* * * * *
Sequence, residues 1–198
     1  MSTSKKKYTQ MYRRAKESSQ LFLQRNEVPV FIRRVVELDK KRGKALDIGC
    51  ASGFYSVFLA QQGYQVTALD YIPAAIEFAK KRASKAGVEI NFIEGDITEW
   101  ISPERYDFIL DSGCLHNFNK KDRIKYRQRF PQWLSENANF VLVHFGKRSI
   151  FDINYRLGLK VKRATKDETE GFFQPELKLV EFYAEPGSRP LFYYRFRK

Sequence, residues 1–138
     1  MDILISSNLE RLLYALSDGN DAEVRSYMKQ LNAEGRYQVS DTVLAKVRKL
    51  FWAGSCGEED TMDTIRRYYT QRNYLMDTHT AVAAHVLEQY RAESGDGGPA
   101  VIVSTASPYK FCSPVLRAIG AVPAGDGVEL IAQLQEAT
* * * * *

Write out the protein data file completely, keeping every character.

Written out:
Sequence, residues 1–198
     1  MSTSKKKYTQ MYRRAKESSQ LFLQRNEVPV FIRRVVELDK KRGKALDIGC
    51  ASGFYSVFLA QQGYQVTALD YIPAAIEFAK KRASKAGVEI NFIEGDITEW
   101  ISPERYDFIL DSGCLHNFNK KDRIKYRQRF PQWLSENANF VLVHFGKRSI
   151  FDINYRLGLK VKRATKDETE GFFQPELKLV EFYAEPGSRP LFYYRFRK

Sequence, residues 1–138
     1  MDILISSNLE RLLYALSDGN DAEVRSYMKQ LNAEGRYQVS DTVLAKVRKL
    51  FWAGSCGEED TMDTIRRYYT QRNYLMDTHT AVAAHVLEQY RAESGDGGPA
   101  VIVSTASPYK FCSPVLRAIG AVPAGDGVEL IAQLQEAT